Mitoprotective Therapy for Treatment of Ankle PTOA
Principal Investigator: Lisa A. Fortier
DESCRIPTION (provided by applicant):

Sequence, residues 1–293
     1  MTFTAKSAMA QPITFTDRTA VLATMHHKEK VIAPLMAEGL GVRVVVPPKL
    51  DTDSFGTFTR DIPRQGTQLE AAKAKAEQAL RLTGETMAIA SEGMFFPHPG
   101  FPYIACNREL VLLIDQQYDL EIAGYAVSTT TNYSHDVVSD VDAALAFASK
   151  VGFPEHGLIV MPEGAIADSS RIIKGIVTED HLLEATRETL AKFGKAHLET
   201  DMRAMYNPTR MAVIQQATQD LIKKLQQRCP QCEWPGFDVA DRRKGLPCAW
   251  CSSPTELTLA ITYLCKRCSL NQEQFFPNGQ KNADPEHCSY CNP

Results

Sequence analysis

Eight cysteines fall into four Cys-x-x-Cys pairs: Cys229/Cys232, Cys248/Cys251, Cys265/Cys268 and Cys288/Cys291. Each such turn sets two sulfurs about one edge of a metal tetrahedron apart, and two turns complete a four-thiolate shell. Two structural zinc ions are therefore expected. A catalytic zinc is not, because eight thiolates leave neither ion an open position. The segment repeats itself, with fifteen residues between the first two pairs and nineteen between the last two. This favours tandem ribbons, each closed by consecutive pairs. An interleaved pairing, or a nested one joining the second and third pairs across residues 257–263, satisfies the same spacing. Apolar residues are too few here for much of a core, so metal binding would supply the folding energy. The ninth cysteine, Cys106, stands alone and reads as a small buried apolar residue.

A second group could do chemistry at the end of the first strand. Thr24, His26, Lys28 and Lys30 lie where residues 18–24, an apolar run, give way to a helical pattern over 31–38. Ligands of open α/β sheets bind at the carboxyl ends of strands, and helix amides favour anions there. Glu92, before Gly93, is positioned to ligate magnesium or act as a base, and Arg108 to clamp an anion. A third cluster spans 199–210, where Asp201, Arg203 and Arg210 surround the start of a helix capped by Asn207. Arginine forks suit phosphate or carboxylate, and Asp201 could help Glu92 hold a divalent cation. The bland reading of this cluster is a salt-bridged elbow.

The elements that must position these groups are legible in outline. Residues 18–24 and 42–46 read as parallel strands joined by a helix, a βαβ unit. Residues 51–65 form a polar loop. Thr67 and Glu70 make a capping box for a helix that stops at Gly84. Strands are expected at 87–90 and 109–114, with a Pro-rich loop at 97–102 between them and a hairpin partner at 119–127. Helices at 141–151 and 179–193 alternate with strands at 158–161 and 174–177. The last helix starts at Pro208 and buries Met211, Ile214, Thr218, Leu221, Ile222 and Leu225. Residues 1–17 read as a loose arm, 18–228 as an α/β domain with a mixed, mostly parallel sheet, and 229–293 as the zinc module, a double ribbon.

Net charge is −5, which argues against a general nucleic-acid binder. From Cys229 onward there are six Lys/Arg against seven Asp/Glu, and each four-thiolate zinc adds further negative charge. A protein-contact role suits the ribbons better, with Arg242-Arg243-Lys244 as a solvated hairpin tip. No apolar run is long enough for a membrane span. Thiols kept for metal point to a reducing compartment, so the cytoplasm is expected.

Post-traumatic osteoarthritis (PTOA) frequently develops secondary to joint injury, with clinical manifestations of pain and dysfunction lagging months to years after the injury. No effective therapies exist to prevent or slow PTOA progression, and evidence indicates interventions must occur acutely after injury to modify the disease course. The novel peptide SS-31 is a highly targeted mitoprotective therapy that has shown success in clinical trials for treatment of several diseases. This project will test the hypothesis that acute mechanical trauma induces MT dysfunction in chondrocytes that leads to PTOA, and that restoring MT bioenergetics with SS-31 will arrest the development of PTOA in vivo. First, the early (seconds to days) temporal response of cartilage to injury with respect to MT function, cell death, and matrix degradation, will be assessed to identify a therapeutic window of time for treatment of MT dysfunction after mechanical injury of cartilage. Then, the efficacy of SS-31 in mitigating the effects of cartilage injury will be studied to identify the time course in which mitoprotection can effectively inhibit MT dysfunction, restore cellular bioenergetics and prevent cell death. Finally, the effects of mitochondrial stabilization on PTOA in vivo will be assessed in the peracute to chronic phases following impact-induced cartilage damage and MT dysfunction in vivo. The results of these studies will demonstrate if mitoprotective therapies restore mitochondrial bioenergetics, prevent acute cell injury and apoptosis, and inhibit the progression of cartilage degeneration, thereby providing the first therapy to prevent PTOA. All components of this proposal reflect and support the mission of the National Institute of Arthritis and Musculoskeletal and Skin Diseases. Completion of the proposed project will reveal novel scientific information about the early changes in cartilage at subcellular to macroscopic resolution scales after injury. Understanding the acute post-injury pathobiology of PTOA is critical because it represents a time point where true intervention, with an aim at preventing PTOA, is possible before the disease becomes fully established. The success of SS-31 in several phase II clinical trials, where disease is already established, suggests that mitoprotection will also be an effective therapy for PTOA in those cases where OA is present at the time of diagnosis and treatment. Two PhD students will be trained in this proposal with input from a multifaceted interdisciplinary team of scientists and clinicians from the human clinical and animal models perspectives. Finally, all members of the assembled team in this proposal are well represented on national and international levels in their respective fields, and they are dedicated and experienced at dissemination of scientific information at meetings and in journal publications. The interdisciplinary team assembled for this project has an established collaborative relationship and brings contemporary concepts and techniques from each respective field to translate information into a realistic human clinical application to prevent PTOA.